The provincial government should consider taking oilsands products directly to U.S. consumers, and perhaps set up its own line of gas stations south of the border, the Alberta Federation of Labour says.
"If the Alberta government is serious about moving up the value chain, they may have to consider building their own mechanisms for delivery," the federation said in a new report touted as a blueprint for developing the oilsands.
Besides calling for higher royalty rates, stricter environmental standards and a slower development pace, the document, entitled Black Gold, Clear Vision, suggests Alberta get more involved in upgrading and refining.
It criticizes the Conservatives for allowing raw bitumen to be shipped to the U.S. to be upgraded and refined into products such as gasoline, diesel and jet fuel.
Bitumen should at least be upgraded to synthetic crude in Alberta, and the government should also aim to have more of the refining done at home, AFL president Gil McGowan said Friday.
Alberta could then send finished products to the U.S., keeping more jobs and profit in the province. If American companies resist the move, the province may have to sell the products itself, the document suggests.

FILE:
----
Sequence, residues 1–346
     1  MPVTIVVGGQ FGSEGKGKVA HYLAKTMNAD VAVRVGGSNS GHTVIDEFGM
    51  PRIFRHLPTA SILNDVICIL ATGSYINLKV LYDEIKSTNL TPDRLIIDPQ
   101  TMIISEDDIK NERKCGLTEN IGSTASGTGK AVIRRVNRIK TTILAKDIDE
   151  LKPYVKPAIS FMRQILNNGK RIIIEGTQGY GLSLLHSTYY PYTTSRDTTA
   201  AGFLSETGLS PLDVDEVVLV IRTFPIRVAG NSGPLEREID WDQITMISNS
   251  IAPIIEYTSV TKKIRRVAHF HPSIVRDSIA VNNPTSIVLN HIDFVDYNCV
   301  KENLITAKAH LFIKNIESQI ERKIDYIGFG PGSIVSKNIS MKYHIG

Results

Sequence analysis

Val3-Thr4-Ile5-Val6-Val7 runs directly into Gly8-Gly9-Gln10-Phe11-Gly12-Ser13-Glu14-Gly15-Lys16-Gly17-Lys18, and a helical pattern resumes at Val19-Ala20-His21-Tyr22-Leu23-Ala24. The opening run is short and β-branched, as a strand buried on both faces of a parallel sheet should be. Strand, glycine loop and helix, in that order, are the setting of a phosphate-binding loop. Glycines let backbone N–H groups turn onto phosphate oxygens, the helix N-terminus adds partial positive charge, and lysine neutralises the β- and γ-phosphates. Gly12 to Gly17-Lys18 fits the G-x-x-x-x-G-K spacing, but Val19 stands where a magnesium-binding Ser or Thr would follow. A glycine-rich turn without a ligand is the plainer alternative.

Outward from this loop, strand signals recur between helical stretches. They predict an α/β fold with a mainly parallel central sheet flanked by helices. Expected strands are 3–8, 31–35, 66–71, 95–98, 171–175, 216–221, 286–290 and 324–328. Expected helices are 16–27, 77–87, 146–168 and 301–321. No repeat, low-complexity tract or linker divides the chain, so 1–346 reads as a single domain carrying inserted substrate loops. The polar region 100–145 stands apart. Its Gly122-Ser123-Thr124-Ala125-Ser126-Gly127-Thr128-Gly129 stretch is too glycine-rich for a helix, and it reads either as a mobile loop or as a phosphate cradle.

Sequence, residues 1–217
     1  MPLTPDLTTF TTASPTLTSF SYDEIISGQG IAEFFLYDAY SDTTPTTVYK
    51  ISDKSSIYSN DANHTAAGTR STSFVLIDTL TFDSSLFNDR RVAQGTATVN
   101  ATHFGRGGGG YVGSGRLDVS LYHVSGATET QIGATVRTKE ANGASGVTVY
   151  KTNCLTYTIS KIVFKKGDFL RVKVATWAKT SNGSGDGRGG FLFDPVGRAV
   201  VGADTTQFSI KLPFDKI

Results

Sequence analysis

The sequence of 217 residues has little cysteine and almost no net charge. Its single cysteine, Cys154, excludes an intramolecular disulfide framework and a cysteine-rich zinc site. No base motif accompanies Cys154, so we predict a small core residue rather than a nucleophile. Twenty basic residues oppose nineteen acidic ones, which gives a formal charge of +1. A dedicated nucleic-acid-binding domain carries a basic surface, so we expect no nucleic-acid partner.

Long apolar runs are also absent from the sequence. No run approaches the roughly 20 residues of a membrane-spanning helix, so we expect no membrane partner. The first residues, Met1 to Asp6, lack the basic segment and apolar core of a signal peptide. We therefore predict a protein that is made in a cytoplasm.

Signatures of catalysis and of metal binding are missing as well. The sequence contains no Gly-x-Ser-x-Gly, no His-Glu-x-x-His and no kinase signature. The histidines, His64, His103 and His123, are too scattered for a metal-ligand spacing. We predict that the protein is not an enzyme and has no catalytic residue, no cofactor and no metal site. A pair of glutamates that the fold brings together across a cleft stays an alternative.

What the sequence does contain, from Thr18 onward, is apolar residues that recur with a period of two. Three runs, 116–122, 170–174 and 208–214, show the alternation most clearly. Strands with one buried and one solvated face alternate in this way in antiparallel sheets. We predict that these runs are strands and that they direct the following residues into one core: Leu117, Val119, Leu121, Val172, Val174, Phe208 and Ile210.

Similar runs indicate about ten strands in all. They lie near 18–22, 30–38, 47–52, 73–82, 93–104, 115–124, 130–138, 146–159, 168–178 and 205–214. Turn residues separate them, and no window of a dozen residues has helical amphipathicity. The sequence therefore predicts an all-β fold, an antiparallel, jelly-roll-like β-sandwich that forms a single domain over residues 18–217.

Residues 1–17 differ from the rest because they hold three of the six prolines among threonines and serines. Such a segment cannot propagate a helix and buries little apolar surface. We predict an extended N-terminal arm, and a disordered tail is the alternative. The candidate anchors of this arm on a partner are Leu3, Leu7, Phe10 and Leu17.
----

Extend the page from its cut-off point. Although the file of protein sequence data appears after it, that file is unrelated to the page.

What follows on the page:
"This might involve building dedicated, refined products pipelines. It might even involve looking for retail options in the U.S.," the report says. "The pre-Chavez government of Venezuela did exactly this when they successfully established the Citgo chain of gas stations in the U.S."
McGowan the report was released in the hopes of influencing voters before the provincial election. "The oilsands are so important that we simply can't afford to get it wrong," McGowan said. "While Albertans are being relegated to the lowest rung of the energy ladder, our leaders are asleep at the wheel. We're just afraid that by the time they wake up, the opportunity will have been lost."